By: Sean Crose
Many people expected Deontay Wilder to win when he stepped into the ring to face arch rival Tyson Fury for the WBC and lineal heavyweight titles this past weekend in Las Vegas. There were those who expected Fury to win, as well, as the first match between the two men had ended in a draw over a year earlier. No one, however, expected Fury to beat up Wilder the way the Englishman did at the MGM Grand on Saturday night. For Wilder looked a mess. What’s more, the hard hitting Alabaman looked like he might be in serious physical trouble as the bout wore on. Wilder was bleeding from the ear, and his face was developing that puffy look that often comes before a true medical crisis.
Perhaps fortunately for Wilder, co-trainer Mark Breland indicated that the fight should be stopped in the seventh round. Veteran referee Kenny Bayless took the cue and ended the affair, saving Wilder further damage. Wilder, true warrior that he is, was upset that he wasn’t able to go down swinging. That’s understandable, as many – if not most – professional fighters would react in just such a way in a similar situation. Unfortunately for Breland, criticism has come from an unlikely corner.
Wilder’s other co-trainer, Jay Deas, surprised many people after Saturday’s bout with the following words: “Mark Breland threw in the towel,” he said. “I didn’t think he should have.” Some are openly wondering why. “Deontay is a go out on his shield kind of guy,” Deas explained. That may well be true, but Breland clearly felt it is sometimes a trainer’s job to save a fighter from himself. In a world where fighters occasionally die from their injuries, Breland decided to err on the side of safety. Deas, however, indicated that he was not informed during the moment of truth.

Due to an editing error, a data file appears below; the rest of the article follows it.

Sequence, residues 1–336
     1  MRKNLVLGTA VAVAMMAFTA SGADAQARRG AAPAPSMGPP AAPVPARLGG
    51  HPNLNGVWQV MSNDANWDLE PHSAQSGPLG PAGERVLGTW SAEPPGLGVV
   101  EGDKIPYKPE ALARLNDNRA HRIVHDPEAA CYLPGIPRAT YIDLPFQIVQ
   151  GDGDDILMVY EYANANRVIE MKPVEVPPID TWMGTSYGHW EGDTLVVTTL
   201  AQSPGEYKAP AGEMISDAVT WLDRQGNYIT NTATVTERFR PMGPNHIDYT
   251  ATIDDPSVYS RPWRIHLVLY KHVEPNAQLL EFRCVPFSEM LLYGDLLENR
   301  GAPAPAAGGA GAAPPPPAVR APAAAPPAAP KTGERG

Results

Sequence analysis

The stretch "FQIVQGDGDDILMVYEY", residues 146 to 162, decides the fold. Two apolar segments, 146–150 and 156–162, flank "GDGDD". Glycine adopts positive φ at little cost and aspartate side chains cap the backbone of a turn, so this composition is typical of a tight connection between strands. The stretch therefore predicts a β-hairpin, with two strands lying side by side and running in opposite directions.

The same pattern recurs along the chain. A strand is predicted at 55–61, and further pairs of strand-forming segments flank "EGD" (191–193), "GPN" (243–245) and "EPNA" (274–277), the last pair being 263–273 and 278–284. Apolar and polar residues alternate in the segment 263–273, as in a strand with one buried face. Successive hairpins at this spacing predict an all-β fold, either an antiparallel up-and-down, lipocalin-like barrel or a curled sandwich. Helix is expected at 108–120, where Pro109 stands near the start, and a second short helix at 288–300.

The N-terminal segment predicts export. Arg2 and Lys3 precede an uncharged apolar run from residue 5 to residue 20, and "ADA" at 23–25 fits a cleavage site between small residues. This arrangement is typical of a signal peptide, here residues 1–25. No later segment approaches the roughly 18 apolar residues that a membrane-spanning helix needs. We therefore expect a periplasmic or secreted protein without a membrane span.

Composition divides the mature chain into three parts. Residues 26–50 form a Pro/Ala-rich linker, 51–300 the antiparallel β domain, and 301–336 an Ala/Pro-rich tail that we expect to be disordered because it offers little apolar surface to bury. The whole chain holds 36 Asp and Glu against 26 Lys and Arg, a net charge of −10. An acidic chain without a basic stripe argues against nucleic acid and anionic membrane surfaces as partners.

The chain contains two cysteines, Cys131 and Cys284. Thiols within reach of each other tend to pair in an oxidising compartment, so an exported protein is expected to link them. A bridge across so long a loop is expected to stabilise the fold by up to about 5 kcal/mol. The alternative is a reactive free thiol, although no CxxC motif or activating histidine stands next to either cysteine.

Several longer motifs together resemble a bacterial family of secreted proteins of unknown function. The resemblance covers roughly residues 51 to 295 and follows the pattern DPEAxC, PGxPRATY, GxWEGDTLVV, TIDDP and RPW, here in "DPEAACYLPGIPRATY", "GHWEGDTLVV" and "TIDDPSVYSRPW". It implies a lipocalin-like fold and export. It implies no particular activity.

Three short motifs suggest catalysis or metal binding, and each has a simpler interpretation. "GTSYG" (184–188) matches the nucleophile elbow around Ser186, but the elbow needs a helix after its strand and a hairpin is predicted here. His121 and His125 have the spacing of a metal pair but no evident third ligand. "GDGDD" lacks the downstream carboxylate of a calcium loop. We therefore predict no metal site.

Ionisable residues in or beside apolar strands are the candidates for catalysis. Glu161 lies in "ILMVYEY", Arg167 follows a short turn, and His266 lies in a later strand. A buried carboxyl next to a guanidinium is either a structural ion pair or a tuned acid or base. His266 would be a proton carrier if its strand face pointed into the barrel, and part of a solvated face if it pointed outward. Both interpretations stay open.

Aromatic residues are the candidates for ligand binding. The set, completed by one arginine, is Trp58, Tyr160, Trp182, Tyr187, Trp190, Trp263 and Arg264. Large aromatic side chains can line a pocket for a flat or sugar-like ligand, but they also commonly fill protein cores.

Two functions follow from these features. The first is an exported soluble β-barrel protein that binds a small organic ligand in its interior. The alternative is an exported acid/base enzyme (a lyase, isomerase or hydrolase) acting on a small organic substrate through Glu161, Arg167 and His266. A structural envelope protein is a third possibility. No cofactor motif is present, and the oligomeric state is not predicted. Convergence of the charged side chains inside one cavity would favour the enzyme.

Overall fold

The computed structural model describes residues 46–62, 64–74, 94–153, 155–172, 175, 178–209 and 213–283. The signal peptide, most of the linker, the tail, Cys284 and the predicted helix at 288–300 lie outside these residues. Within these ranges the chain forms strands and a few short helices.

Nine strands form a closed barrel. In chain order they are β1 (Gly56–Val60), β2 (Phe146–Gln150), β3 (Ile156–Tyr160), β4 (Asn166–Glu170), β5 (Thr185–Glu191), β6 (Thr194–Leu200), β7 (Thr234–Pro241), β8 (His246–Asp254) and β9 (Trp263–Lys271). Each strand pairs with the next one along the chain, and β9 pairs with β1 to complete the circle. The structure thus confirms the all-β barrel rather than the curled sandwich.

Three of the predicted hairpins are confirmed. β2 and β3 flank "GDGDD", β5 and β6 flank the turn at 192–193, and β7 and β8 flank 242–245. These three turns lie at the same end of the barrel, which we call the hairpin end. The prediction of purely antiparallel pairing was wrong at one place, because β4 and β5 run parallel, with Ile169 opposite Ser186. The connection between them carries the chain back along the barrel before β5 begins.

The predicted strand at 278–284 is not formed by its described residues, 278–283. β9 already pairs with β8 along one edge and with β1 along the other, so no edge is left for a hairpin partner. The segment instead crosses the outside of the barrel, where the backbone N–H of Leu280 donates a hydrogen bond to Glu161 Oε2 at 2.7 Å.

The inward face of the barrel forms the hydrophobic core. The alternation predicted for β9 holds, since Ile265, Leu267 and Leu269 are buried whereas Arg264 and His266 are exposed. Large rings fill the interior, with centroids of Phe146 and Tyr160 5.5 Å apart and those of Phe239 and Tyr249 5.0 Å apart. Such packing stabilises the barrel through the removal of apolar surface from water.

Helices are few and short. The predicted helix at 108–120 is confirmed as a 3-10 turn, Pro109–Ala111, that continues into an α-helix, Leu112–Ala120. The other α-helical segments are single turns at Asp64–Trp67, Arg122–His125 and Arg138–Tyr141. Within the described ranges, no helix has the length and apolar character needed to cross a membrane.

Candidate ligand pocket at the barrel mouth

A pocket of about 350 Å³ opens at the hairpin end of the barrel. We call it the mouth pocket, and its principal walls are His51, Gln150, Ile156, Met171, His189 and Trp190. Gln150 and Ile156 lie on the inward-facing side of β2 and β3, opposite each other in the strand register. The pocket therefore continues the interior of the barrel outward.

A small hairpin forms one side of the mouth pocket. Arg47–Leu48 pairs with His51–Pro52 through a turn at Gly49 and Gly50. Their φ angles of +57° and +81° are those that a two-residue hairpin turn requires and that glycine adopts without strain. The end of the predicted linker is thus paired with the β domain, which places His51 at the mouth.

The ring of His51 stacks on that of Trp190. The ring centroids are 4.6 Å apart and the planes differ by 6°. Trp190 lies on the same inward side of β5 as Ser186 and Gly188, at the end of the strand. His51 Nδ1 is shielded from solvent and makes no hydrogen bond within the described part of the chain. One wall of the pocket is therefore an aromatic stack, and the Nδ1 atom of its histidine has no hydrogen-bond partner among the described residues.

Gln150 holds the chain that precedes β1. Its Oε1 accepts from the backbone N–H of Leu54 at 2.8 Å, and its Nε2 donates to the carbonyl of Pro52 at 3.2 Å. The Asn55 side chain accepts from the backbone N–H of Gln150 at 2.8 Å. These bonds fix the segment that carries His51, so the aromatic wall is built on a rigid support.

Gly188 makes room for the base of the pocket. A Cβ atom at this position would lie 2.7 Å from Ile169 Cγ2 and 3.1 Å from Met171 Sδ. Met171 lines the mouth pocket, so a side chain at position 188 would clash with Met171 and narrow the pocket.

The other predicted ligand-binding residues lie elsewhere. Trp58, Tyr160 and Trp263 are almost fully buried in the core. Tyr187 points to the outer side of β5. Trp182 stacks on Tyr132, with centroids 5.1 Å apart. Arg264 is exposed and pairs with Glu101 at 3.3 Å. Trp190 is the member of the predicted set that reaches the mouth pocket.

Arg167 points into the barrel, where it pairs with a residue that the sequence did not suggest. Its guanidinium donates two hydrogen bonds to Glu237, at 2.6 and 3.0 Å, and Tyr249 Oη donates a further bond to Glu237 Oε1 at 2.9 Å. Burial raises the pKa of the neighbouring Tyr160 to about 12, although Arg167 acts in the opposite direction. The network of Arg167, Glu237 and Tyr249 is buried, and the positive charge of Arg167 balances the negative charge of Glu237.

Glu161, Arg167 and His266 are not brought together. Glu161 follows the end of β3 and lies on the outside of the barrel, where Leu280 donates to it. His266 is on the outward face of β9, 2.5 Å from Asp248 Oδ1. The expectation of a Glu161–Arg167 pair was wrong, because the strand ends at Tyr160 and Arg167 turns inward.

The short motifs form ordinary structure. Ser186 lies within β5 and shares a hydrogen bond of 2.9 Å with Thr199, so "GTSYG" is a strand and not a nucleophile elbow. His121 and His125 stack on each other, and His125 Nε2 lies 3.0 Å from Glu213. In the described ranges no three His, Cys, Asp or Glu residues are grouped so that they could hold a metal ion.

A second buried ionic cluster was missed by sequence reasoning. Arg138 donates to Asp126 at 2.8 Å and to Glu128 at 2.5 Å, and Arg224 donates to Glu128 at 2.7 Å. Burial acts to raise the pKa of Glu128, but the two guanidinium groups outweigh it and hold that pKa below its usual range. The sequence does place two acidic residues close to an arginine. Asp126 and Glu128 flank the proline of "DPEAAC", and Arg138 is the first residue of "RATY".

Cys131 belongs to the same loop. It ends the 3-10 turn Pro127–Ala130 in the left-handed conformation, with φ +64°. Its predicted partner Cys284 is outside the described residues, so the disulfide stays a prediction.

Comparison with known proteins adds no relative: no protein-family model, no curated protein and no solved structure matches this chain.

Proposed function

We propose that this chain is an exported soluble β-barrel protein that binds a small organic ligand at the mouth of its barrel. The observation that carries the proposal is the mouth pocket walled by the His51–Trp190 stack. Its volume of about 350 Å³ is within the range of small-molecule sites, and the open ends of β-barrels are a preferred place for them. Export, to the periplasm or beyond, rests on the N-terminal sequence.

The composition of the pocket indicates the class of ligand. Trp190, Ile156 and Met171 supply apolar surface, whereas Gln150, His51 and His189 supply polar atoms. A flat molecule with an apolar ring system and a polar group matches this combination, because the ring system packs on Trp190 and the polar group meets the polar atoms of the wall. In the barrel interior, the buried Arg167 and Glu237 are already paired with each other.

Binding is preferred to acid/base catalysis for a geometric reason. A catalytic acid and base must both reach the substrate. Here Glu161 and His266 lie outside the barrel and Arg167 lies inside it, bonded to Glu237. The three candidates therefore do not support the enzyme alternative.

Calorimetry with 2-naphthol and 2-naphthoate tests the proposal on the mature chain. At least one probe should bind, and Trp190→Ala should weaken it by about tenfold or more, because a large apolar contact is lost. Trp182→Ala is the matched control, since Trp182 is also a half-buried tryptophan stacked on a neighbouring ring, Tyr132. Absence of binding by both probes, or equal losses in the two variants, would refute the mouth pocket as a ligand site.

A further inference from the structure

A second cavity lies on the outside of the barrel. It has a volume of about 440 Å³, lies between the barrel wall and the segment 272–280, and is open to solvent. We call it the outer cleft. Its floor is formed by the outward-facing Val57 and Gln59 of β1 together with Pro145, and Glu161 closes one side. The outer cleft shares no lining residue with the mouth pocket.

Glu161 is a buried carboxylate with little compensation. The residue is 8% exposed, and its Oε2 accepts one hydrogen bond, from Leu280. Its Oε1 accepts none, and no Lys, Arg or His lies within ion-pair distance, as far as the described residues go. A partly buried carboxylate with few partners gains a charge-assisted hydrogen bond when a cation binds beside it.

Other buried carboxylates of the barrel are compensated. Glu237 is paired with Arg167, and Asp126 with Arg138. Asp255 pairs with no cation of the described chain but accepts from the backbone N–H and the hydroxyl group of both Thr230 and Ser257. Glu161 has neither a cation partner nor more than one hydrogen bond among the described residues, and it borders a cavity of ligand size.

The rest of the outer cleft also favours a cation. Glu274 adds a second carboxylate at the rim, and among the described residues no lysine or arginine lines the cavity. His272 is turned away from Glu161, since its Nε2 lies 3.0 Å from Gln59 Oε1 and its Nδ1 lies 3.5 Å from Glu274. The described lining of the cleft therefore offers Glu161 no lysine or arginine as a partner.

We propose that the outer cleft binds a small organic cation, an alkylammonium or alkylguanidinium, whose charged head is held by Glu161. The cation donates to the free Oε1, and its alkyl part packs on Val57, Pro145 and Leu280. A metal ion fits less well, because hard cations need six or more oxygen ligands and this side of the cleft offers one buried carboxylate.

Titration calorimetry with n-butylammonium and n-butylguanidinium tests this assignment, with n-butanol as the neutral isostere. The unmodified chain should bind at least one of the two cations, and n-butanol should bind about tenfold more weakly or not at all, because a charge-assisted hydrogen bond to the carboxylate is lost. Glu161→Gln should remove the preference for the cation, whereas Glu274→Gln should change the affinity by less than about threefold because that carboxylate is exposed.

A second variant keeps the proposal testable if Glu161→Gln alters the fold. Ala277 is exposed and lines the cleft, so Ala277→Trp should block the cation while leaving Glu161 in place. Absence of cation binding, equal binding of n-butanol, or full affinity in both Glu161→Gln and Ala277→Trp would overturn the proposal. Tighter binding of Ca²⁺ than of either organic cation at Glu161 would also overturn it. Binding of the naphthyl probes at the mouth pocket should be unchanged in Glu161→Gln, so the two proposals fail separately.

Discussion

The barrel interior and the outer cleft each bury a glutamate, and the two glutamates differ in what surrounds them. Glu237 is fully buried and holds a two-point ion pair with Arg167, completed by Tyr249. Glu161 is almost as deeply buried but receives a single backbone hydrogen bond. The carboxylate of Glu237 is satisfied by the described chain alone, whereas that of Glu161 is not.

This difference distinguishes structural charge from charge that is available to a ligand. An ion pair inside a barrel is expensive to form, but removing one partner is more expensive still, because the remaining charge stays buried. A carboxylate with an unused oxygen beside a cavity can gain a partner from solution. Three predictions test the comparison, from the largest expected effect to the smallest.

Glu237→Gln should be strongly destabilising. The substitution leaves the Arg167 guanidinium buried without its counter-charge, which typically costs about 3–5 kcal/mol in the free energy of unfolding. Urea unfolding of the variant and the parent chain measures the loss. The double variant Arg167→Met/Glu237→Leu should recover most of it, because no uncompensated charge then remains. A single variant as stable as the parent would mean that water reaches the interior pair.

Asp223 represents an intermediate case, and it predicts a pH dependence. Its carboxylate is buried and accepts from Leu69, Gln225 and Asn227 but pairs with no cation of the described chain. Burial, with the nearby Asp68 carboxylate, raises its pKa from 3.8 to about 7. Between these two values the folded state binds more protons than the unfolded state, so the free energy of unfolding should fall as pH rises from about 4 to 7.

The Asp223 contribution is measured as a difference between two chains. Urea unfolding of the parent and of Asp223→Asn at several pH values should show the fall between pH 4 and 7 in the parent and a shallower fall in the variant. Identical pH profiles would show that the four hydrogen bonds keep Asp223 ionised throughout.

“Mark said something about throwing the towel in,” Deas claimed, “and I said don’t do that. The fight went a little longer and I saw the towel go in.” It’s worth noting that Breland knows what it’s like to suffer a professional level beating in the ring. After seemingly leading on the cards, Breland was brutally knocked out by the vastly underrated Marlon Starling in the fourteenth round of a grueling 1987 throwdown for Breland’s WBA world welterweight title, which the Olympic Gold medalist held at the time.
With that in mind, it’s also worth noting that Deas himself is quite close to Wilder, going so far as to credit Wilder with changing his life for the better. “This man has been the greatest thing that ever happened to me,” Business Insider quotes Deas as saying of Wilder. As of press time, Deas hadn’t spoken to Breland after the fight, though he indicated that they would talk soon enough. Although a third fight between Wilder and Fury may be contractually in line, it’s too soon to tell where Wilder, or his team, will go from here.